ActivePaper Archive Commissioners adopt budget - Burlington Times News, 6/19/2019

Commissioners adopt budget

GRAHAM — There hadn’t been much vocal resistance to the county manager’s recommended 2019–20 budget with an 8-cent tax increase and 67-cent tax rate until Monday, June 17, and it wasn’t enough to derail it.

“I didn’t see much effort this whole year, this whole budget process, to be conservative,” Commissioner Tim Sutton said. “I said I would support 66 cents, not 67.”

After some discussion and some amendments, the county commissioners voted 3–2 to adopt the $208 million budget with a nearly $172 million general fund — the part that funds most day-to-day operations — with Sutton and Bill Lashley voting “no.”

During a break after the vote, several people, including former Commissioner Bob Byrd, went to shake Commissioner Steve Carter’s hand. Carter, while a vocal fiscal conservative, supported County Manager Bryan Hagood’s budget and closely related seven-year capital plan — which the commissioners also adopted Monday, but by a unanimous vote.

Most of the tax increase, 7.04 cents, Hagood said, is to cover the cost of financing $189.6 million in education bonds voters approved Nov.

6. The other 0.96 cents is for the capital plan to repair, renovate and expand county buildings, including the county courthouses.

Sutton said the county had to pay down the bonds and needed a new high school, but, he said, he supported “about everything” in the budget and capital plan, though “not everything,” and didn’t think there had been any effort by the “main drivers” to restrain spending.

Growth in the county’s tax base, the value of all the taxable property, means the county is bringing in more money with each penny on the tax rate, so the “revenue neutral” tax rate, Sutton said, would be 56.64 cents.

The current tax rate is 59 cents.

So, Sutton said, the effective tax increase is really more than 10 cents.

If, Hagood said, the budget didn’t include the tax increase for the bonds and capital plan, he would still have to cut about $3.5 million from the budget to make a revenueneutral 56.64 tax rate cover county government expenses.

Carter, saying he’d gone over nearly every line item in the budget with Hagood, asked Sutton where he would cut the $1.4 million difference between a 67-cent and a 66-cent tax rate.

“Don’t you think I’ve agonized over this?” Carter asked.

Lashley said it could be done easily, starting with cutting travel costs for county employees going to trainings or conferences.

“You ran as a conservative,” Lashley said to Carter. “Vote like one.”

Bus driver


Board Chair Amy Galey brought another issue into the budget discussion: punishing striking bus drivers by cutting the school budget.

The Alamance-Burlington School System had not planned to close schools May 1 so teachers and other employees could attend the N.C. Association of Educators’ rally in Raleigh, but had to change plans and close schools late in the day April 30 when more than a dozen bus drivers called out. The last-minute change was not popular with parents, including Galey.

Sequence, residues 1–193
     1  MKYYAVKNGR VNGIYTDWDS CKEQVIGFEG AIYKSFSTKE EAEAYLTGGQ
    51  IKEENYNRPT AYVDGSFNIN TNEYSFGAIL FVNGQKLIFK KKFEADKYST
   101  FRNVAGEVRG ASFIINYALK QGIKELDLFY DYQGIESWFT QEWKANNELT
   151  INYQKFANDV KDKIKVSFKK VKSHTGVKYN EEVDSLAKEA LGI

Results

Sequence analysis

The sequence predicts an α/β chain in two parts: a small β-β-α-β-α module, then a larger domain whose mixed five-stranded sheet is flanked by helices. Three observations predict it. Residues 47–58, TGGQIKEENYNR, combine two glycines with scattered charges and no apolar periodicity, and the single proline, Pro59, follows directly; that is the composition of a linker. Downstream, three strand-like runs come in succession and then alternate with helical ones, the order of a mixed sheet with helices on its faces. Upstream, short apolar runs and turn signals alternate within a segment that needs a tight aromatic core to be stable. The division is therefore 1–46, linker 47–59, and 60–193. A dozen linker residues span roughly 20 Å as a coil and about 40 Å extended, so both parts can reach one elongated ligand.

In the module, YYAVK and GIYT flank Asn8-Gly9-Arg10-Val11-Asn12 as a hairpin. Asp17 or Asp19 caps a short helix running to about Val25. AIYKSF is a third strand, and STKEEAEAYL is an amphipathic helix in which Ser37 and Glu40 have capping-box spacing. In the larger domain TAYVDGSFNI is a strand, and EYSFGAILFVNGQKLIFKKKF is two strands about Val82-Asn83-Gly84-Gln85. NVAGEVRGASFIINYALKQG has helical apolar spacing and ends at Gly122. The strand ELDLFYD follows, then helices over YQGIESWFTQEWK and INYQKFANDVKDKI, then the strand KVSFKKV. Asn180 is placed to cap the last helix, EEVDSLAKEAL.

“The school bus drivers forced the administration’s hand,” Galey said. “By collective labor action they shut down the school district for a day.

“That’s a strike.”

Galey said that was disrespectful to the administration, taxpayers and parents, and the commissioners should consider a consequence. Her idea was to “support the superintendent and the school board” by cutting their budget by one-half percent, which would be less than $250,000, Galey said, which could go into the next year’s budget if there were no other strikes.

Obviously, she said, it wouldn’t affect the bus drivers directly.

“We don’t have a scalpel in this situation,” Galey said, “just a sledgehammer.”

It wasn’t, however, a hammer Galey was willing to swing this year. She didn’t make a motion to change the budget and said she wouldn’t vote for such a cut this time. Carter and Lashley said they would have supported her if she had.

“Those bus drivers should be fired,” Lashley said.

Also Monday

The commissioners voted 5–0 to adopt a resolution on the state permit of a controversial proposed quarry in Snow Camp, but not one asking the state Division of Energy, Mineral and Land Resources of the Department of Environmental Quality to deny the permit application from Alamance Aggregates.

County Attorney Clyde Albright said a bill making its way through the state Senate could open the county up to lawsuits if they did since the county already gave the mine a permit.

“This is a vested right, like it or not, they’ve got their permit,” Albright said. “It is very risky to have a statement saying we want to deny a permit.”

Several who have been advocating against the mine weren’t satisfied with Albright’s language and made their own changes to Albright’s draft — like one explicitly saying all 6,000 Snow Camp residents rely on groundwater — some of which the commissioners asked Albright to include, but the line about the commissioners “not advocating that any permit be denied” stayed in.

Reporter Isaac Groves

can be reached at

igroves@thetimesnews. com or 336-506-3045.

Follow him on Twitter at @tnigroves.